Balmy weather, glorious beaches, crystal-clear air, and serene landscapes have lured people to the Central Coast since prehistoric times. It’s an ideal place to relax, slow down, and appreciate the good things in life.
The Central Coast region begins about 60 mi north of Los Angeles, near the seaside city of Ventura. From there the coastline stretches north about 200 mi, winding through the small cities of Santa Barbara and San Luis Obispo, then north through the small towns of Morro Bay and Cambria to Carmel. The drive through this region, especially the section of Highway 1 from San Simeon to Big Sur, is one of the most scenic in the state. There’s no doubt that Big Sur has some of the most dramatically beautiful beaches in all of California. But much of the Central Coast looks as wild and wonderful as it did centuries ago, and visitors will have myriad opportunities to kick back and revel in the casual California lifestyle. Surf, golf, kayak, hike, play tennis—or just hang out and enjoy the gorgeous scenery.
Santa Barbara’s beaches don’t have the big surf of the shoreline farther south, but they also don’t have the crowds. The wide swath of sand at the east end of Cabrillo Boulevard on the harbor front is a great spot for people-watching. East Beach has sand volleyball courts, summertime lifeguard and sports competitions, and arts-and-crafts shows on Sunday and holidays. The usually gentle surf at Arroyo Burro County Beach makes it ideal for families with young children.
About 20 mi of sandy shoreline begins at the town of Pismo Beach. The southern end of town runs along sand dunes, some of which are open to cars and off-road vehicles; sheltered by the dunes, a grove of eucalyptus trees attracts thousands of migrating monarch butterflies November through February. A long, broad beach fronts the center of town, where a municipal pier extends into the sea at the foot of shop-lined Pomeroy Street.
Because the village of Avila Beach and the sandy, cove-front shoreline for which it’s named face south into the Pacific Ocean, they get more sun and less fog than any other stretch of coast in the area. With its fortuitous climate ‘ and protected waters, Avila’s public beach draws plenty of sunbathers and families; weekends are very busy. The seaside promenade is lined with shops and hotels.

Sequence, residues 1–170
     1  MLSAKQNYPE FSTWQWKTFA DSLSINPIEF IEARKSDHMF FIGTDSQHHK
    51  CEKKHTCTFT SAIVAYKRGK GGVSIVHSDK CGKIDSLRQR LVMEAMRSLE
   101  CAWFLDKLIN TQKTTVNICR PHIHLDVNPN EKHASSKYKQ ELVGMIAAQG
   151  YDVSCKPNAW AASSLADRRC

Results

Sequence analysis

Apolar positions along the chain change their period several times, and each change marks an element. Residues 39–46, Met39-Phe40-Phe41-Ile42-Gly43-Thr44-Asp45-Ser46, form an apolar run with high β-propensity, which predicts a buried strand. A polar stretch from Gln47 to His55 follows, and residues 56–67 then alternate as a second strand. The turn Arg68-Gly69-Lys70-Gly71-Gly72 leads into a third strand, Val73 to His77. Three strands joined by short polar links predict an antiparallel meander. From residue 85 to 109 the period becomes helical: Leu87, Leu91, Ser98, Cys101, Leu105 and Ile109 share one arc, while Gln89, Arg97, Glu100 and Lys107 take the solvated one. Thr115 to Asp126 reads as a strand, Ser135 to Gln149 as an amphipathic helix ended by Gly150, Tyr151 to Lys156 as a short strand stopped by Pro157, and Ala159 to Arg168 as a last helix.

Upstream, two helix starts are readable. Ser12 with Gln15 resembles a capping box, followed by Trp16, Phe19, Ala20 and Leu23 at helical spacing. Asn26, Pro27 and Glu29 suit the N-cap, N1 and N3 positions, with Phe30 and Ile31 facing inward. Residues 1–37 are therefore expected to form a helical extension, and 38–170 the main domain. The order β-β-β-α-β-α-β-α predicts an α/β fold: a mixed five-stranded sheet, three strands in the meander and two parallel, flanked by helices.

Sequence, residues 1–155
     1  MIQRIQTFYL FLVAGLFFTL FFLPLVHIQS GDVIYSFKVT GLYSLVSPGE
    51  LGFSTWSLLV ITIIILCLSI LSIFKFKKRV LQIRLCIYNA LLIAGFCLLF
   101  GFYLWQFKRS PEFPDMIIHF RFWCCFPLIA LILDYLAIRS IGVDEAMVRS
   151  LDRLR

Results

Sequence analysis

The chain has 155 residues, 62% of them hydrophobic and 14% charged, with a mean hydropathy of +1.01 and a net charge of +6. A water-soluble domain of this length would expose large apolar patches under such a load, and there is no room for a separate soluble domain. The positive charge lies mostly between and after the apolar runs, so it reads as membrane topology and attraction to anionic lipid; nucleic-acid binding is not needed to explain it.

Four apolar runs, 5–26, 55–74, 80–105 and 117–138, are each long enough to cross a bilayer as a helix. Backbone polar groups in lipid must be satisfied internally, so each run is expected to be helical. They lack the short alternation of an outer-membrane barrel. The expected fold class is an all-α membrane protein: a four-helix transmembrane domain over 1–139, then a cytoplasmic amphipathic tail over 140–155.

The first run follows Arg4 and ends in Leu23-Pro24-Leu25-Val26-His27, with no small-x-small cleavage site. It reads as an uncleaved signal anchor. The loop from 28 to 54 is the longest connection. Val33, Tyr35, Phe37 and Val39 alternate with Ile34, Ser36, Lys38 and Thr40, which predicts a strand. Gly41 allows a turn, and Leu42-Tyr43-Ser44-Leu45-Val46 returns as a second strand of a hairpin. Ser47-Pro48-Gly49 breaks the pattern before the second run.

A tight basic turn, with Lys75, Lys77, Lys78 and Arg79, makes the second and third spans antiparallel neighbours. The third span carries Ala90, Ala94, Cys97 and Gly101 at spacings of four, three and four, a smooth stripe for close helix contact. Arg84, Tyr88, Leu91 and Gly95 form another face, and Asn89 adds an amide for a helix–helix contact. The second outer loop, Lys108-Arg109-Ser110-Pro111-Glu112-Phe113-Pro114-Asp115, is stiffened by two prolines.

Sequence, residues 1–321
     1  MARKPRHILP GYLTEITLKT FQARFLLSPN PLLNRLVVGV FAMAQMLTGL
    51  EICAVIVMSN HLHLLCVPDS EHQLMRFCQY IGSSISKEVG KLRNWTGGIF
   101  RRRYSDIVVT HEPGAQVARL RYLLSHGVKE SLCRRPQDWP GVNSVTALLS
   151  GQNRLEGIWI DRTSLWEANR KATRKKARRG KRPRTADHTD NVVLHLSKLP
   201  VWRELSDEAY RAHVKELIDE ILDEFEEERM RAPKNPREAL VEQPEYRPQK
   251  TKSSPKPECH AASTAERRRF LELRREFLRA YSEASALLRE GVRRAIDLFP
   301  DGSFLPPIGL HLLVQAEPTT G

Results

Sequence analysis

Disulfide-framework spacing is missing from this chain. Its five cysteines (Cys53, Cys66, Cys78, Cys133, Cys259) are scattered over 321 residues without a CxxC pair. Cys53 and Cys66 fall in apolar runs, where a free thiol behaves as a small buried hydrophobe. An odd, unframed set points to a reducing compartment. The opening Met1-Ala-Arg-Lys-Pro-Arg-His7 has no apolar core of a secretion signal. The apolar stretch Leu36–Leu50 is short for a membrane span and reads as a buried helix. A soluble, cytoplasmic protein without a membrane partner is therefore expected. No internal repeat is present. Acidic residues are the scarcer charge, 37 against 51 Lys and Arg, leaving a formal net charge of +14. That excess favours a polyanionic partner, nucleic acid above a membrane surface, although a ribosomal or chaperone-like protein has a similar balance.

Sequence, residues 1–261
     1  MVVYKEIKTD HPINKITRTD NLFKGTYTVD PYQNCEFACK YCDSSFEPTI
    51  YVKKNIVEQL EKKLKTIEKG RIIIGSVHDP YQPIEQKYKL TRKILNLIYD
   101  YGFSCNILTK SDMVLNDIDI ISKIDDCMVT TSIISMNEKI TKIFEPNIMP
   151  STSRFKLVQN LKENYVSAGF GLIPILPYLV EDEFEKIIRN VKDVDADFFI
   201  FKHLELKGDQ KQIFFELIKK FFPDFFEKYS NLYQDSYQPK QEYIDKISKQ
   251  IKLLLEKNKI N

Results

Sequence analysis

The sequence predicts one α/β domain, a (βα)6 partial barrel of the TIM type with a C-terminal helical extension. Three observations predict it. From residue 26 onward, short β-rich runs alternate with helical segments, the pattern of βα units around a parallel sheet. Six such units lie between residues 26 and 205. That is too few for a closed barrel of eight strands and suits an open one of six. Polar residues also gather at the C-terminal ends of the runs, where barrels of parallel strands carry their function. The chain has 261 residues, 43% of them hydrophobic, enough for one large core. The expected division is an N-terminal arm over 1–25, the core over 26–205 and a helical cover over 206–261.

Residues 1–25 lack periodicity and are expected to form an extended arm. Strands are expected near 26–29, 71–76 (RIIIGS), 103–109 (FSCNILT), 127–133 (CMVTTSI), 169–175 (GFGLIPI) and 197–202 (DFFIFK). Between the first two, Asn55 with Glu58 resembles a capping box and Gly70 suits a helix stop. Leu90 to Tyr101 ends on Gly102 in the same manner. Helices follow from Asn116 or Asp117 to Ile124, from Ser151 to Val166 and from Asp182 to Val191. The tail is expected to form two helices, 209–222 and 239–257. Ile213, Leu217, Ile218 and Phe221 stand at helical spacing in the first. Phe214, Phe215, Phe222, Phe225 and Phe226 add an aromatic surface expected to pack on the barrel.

SOUTHERN BIG SUR
This especially rugged stretch of ocean-front is a rocky world of mountains, cliffs, and beaches. Julia Pfeiffer Burns State Park provides some fine hiking, from an easy 1/2 -mi stroll with marvelous coastal views to a strenuous 6-mi trek through the redwoods. The big attraction here is an 80-foot waterfall that drops into the ocean.
CENTRAL BIG SUR
Through a hole in one of the gigantic boulders at secluded Pfeiffer Beach, you can watch the waves break first on the sea side and then on the beach side. Keep a sharp eye out for the unsigned road to the beach: it is the only ungated paved road branching west of Highway 1 between the post office and Pfeiffer Big Sur State Park. Among the many hiking trails at Pfeiffer Big Sur State Park is a short route through a redwood-filled valley that leads to a waterfall. You can double back or continue on the more difficult trail along the valley wall for views over miles of treetops to the sea. The Big Sur Station visitor center, off Highway 1, is less than 1/2 mi south of the park entrance.